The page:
5W Friday Panel: Favorite Holiday Stories

It's the most wonderful time of the year!  With the holidays upon us, the Fifth Worlders reflect on their favorite holiday tales featuring comic book characters.  Every Friday, we will host a virtual panel session on a topic of the week, capturing The Fifth World staff having a dialogue about a given subject.  This week's topic: favorite holiday comics!

JL Franke: "The TT's Swingin' Christmas Carol"

Teen Titans 13, 1968
You could make an entire omnibus-sized edition just out of comic book adaptions, homages, and spoofs of A Christmas Carol.  This version is my favorite.

In the spirit of almost all Bob Haney tales, it's a breezy story, opening with a virtual advertisement for DC Comics, as the Titans try to convince Robin to put down his copy of Dickens and read some Aquaman or Wonder Woman instead.  Haney then shifts focus quickly on the travails of poor Bob Ratchet, who works for Mr. Scrounge doing bookkeeping at the Junkorama.  Scrounge is the ultimate skinflint, not even willing to pay to heat the office on a snowy night, but Ratchet needs the overtime to pay for a new wheelchair for his son, Tiny Tom (who's a full on teenager and not so tiny).  Tom alerts the Titans to Scrounge's deal with the criminal Mr. Big, whose smuggling operation uses a ray gun to reveal the junk they're passing through his junkyard as high end products they're passing through ports without paying duty.  Despite all this, the Titans take until page 11 to realize they're reliving A Christmas Carol.  Hi jinks ensue at that point as Scrounge is visited first by his old partner Jacob Farley, freshly escaped from prison, then the Titans disguised as the ghosts of Christmases Past, Present, and Future (Nick Cardy draws Wonder Girl as a particularly babelicious Ghost of Christmas Future, flying around in a high cut Santa suit).  The criminals show up just as Scrounge turns his attitude around, and the ensuing fight features magnets, trash compactors, and heroes trapped in piles of junk.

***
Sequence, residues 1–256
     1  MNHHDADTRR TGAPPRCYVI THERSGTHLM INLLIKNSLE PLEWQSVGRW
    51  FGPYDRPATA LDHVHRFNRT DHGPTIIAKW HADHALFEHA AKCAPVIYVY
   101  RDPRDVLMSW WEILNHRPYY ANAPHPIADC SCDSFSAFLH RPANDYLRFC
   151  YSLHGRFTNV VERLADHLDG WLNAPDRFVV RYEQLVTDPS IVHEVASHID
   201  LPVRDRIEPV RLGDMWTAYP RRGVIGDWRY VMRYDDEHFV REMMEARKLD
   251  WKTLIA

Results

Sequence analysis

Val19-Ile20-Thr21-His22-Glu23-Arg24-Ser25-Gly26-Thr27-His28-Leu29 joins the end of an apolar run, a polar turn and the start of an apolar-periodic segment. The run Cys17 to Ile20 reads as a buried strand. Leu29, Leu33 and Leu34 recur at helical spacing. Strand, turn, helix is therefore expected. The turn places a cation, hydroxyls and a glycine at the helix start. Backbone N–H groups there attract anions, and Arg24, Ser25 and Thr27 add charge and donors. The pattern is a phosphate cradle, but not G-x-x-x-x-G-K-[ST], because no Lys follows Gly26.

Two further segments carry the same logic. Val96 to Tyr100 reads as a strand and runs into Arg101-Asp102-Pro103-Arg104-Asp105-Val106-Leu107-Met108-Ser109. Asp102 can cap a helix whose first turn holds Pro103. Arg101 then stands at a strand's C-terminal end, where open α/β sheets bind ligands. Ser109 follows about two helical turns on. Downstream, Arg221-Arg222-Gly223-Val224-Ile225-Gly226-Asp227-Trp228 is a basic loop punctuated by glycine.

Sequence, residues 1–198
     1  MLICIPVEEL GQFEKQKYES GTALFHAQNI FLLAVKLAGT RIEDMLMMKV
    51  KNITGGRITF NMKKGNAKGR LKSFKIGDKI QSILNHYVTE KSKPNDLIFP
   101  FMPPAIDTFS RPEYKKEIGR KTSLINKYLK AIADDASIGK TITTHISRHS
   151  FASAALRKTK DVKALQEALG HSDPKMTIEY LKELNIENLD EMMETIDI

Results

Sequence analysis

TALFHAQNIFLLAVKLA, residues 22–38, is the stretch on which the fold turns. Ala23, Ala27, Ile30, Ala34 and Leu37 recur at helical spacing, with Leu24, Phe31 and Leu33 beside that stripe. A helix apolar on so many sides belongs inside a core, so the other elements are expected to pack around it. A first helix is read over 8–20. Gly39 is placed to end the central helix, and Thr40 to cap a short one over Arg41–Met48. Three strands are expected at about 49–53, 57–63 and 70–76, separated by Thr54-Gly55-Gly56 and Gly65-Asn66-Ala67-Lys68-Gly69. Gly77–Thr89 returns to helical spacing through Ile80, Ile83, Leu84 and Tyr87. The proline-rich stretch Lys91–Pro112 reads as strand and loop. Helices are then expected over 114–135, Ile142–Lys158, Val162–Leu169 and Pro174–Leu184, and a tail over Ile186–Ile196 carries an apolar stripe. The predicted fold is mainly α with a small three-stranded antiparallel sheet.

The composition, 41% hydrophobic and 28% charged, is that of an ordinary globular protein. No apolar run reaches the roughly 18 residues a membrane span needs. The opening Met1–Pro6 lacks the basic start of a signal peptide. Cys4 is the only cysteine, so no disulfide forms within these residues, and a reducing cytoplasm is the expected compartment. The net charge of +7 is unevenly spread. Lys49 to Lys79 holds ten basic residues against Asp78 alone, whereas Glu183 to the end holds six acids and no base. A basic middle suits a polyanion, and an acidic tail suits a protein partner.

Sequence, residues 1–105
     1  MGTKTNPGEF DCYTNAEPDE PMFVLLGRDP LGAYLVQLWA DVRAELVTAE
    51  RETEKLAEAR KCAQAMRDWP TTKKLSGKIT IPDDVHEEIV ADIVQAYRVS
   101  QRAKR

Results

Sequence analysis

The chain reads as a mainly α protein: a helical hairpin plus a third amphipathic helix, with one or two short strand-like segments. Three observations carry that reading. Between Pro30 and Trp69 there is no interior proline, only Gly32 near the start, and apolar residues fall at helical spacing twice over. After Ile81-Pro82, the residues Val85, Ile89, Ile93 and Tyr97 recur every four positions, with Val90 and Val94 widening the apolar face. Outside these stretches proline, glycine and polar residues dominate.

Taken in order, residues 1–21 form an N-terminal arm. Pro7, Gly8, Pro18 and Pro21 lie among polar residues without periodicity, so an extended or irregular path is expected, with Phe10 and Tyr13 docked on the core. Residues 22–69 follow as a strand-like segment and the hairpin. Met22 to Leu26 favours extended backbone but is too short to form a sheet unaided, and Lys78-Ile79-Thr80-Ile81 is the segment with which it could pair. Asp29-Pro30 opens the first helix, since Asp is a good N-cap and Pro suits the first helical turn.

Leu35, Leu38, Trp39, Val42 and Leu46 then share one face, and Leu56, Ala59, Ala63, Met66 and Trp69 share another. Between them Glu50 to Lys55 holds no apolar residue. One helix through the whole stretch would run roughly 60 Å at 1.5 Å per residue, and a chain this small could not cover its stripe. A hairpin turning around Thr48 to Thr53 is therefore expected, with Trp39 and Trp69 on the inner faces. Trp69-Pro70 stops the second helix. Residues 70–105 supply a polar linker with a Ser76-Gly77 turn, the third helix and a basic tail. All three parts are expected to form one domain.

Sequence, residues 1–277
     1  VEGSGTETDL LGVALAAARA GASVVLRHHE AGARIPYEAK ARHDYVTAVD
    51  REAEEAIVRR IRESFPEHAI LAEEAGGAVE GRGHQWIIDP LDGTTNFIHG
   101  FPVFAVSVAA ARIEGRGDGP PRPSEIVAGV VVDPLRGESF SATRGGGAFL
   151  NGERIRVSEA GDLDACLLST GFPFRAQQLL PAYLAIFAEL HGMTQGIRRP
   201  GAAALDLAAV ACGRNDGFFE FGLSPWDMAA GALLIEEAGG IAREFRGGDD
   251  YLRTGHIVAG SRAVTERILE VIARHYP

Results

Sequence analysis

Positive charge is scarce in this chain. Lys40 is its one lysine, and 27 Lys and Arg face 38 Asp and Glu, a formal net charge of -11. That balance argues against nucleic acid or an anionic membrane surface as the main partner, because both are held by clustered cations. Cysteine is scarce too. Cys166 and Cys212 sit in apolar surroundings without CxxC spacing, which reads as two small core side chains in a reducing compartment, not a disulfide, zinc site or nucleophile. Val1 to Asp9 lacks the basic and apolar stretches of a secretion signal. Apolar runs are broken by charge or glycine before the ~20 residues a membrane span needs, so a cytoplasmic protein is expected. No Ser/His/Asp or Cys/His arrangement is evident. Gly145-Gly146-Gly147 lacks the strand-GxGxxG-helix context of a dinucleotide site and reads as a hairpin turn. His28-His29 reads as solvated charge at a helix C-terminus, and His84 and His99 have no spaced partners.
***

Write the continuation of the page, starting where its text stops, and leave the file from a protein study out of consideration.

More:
This being a Christmas story, everything turns out just fine, with Scrounge making things good for Bob and Tiny Tom, with Tiny Tom getting the final word, as usual.

Sean Fields: "It's the Most Loneliest Time of the Year!"

Avengers Annual 1, 2013
I wanted to include someting fairly recent here. Annuals are usually fun reads and this one is no different. It's a Christmas tale starting with Shang-Chi bringing teens to Avengers Tower to meet and get advice from some of his fellow teammates before they go away for the holidays. The teens meet Tony (Iron Man), Bruce (The Hulk), Steve (Captain America) and Natasha (Black Widow) giving advice very specific to their natures before the kids are teleported away by Eden Fesi. The Avengers all depart to their holidays, again what you would expect from each of these folks, while Cap remains in the tower and in NYC. But he isn't alone. A lonely teenager named Zamira hides out when the rest of her group leaves and Zamira has...abilities.

I don't want to give too much away but the story is nutty. Christmas cheerleader robots show up and the Hulk fights a Christmas balloon if that gives you an indication of the tone of this story at points. There are also very human moments where the characters have to interact and confront themselves and be emotionally supportive of others. It has a weird bottle episode, Die Hard feel at moments and that is good. Plus, the characters are the very essence of who they are. Kathryn Immonen and David Lafuente have crafted a fun and heartwarming Christmas story for the Avengers here.

JL Franke: "Be Good for Goodness Sake" 

JSA 55, February, 2004